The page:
Few plants provide so much beauty with so little effort as today’s iris hybrids. They're easy to plant, require minimum care, and multiply annually. These fast-growing flowers brighten gardens with an impressive array of blooms that increase yearly, and their sword-like foliage is attractive even when the flower isn't in bloom. An incredibly versatile plant, irises are excellent in the garden, bordering a walkway, or in a rock garden. The taller varieties are excellent as cut flowers and the Dwarf varieties are excellent for container planting.

Quick Reference Planting Guide

  1. Location: Full to partial shade, with at least five hours of direct sun per day.
  2. Hardiness: Will do well from zones 4 – 9 and survive temperatures to -30°F.
  3. Planting Distance: Miniatures and dwarfs 6" – 12" apart; border & bearded 1' – 2' apart; intermediates 2' apart; and tall bearded German iris 2' – 3' apart.
  4. Mature Height: Dwarfs, border and bearded, and miniature irises span a range of from 5" – 28" tall; intermediates 18" – 24" tall; and standard tall German iris 3' – 3-1/2' tall. They all attain their mature height by the second year and will form heavy clumps within three years.
  5. Bloom Time: Dwarfs, border and bearded, and miniature irises bloom first in the spring, then the intermediates, then the standard German varieties. They all bloom the first spring/summer after planting. If any varieties in these categories are offered as re-bloomers, they'll repeat bloom in August/September and sometimes into October/November depending upon weather conditions and your planting zone.
  6. To Plant: Dig shallow holes 10" across and 2" deep. Make a ridge of soil down the middle of the hole, dividing it in half. Place your iris rhizomes on the ridge, spreading the roots to cover both sides. Cover with soil and firm with your hands. In clay soil, rhizomes should be slightly exposed. In sandy soil, they can be covered with an inch or two of soil. Water thoroughly.

Soil Preparation

Irises do well in average well-drained soil of all types, but you can improve your planting success as follows:

  1. Spade or rototill the soil to a depth of 9" – 12".
  2. Mix in a 2" – 4" layer of dehydrated manure, garden compost, shredded leaves, and/or peat moss. After active growth begins, periodically feed with a water soluble flower booster. Plants in containers need more frequent water and feeding, especially when in active growth, bloom, or while setting fruit.

Continuing Care

  1. Watering: Your plants require at least 1" of rainfall, or equivalent watering, each week. Whenever rainfall is minimal, be sure that you water well at least once a week, and more frequently during a drought or extremely hot weather.
  2. Mulching: Apply a 2" – 4" layer of shredded bark, compost, or other organic mulch around your plants to promote moisture retention, maintain even soil temperatures, and discourage weed growth.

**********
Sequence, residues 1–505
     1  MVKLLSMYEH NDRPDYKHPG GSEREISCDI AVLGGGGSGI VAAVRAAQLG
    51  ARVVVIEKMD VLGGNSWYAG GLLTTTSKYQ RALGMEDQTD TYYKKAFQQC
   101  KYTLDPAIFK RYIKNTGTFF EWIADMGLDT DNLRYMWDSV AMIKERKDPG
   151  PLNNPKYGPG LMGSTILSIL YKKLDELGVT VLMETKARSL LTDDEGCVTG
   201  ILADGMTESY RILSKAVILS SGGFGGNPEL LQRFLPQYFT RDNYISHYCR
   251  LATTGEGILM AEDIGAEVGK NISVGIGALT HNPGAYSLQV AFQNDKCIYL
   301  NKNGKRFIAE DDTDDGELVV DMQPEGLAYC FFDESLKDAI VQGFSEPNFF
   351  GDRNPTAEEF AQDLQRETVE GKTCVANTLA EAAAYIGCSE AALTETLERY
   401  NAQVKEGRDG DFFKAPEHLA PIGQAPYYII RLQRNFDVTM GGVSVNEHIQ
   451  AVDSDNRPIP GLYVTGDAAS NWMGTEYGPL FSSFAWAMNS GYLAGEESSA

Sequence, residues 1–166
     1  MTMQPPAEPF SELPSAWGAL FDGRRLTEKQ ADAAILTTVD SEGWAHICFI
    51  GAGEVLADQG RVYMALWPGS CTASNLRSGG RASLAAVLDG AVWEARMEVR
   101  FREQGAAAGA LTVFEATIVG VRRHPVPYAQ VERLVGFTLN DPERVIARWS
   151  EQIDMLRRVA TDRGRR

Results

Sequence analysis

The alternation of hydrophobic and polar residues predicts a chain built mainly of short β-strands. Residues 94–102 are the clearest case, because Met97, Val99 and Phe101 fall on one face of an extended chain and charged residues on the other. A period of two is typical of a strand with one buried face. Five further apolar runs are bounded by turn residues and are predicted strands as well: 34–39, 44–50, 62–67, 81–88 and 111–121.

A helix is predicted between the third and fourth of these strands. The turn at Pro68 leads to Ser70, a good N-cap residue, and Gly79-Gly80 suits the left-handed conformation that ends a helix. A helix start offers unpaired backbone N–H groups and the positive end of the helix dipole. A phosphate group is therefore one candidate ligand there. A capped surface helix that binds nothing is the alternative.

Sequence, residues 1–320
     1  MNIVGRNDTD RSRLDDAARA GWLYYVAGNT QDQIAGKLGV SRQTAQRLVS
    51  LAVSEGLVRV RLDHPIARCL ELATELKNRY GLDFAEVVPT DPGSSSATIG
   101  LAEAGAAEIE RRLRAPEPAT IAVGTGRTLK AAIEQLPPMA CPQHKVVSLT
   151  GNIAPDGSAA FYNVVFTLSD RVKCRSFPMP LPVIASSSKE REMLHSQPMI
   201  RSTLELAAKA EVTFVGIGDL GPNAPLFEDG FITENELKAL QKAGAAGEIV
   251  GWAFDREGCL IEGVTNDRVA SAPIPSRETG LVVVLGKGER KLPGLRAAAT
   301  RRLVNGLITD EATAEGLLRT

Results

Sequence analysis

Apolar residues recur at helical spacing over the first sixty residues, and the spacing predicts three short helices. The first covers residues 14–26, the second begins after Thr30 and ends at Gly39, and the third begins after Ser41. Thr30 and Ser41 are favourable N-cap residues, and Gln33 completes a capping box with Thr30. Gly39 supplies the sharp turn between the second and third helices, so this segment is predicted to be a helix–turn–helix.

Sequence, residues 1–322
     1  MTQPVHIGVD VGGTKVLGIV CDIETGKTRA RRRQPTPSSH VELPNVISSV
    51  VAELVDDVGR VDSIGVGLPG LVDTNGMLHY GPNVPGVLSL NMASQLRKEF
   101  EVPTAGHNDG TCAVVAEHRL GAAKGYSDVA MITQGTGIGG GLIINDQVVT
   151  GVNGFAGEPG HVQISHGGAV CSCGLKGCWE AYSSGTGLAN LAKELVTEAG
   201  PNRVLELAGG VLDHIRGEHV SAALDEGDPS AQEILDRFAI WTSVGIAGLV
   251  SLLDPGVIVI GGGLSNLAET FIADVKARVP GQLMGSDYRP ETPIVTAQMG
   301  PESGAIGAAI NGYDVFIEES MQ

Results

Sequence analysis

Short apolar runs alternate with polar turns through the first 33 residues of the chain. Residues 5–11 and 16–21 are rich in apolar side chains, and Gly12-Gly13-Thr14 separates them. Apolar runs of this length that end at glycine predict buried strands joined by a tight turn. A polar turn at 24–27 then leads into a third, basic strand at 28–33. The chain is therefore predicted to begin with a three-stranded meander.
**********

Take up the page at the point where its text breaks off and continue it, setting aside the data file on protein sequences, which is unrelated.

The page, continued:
3. Weeding: Keep the area around your plants free of weeds. Weeds compete with all plants for food, water, and light. Walk around the garden periodically and pull weeds, including the roots, as soon as you see them. Mulch also assists in keeping weeds down.
  4. Deadheading: Remove spent blossoms to promote additional blooming. Pinch or cut off when they've faded, but leave as much foliage as possible.
  5. Grooming: Clip off unsightly or dead growth to maintain the plant's shape. Cut flower stalks between the bottom blossom and the uppermost leaves.
  6. Feeding: Discontinue any feeding after September 1. Your plants want to harden off for winter dormancy.
  7. Winterizing: After frost has blackened the foliage of your iris, trim them back to 3" – 5" and clean up the area around the plants. Apply a 4" – 6" layer of mulch. Gardeners in northern states should protect their irises every winter. If alternating freezing and thawing lifts your iris rhizomes, don’t try to press them back into the soil. Instead, just bank soil around the rhizomes and the exposed roots. As soon as the weather warms up, remove any mulch from in-ground plantings. At the same time, be sure to clean up the garden and remove dead or damaged parts on any plants.
  8. Containerized Plants: Move your containers to a sheltered location in northern zones, such as an unheated garage or shed, over the winter. You can also move containers to the south side of a foundation and mulch for the winter. Such warm locations can actually increase the hardiness factor by two planting zones. You can also bury or plant either the plant itself or the entire container in the garden and mulch after the ground has frozen. As soon as the weather warms up, remove any mulch from the container and bring it back out into the garden sunlight.
  9. Dividing: Irises can be divided every 4 – 5 years. August is the best time to do this. Older rhizomes that have few white roots should be discarded. Be sure each rhizome has one or two fans. Replant as you did your new iris.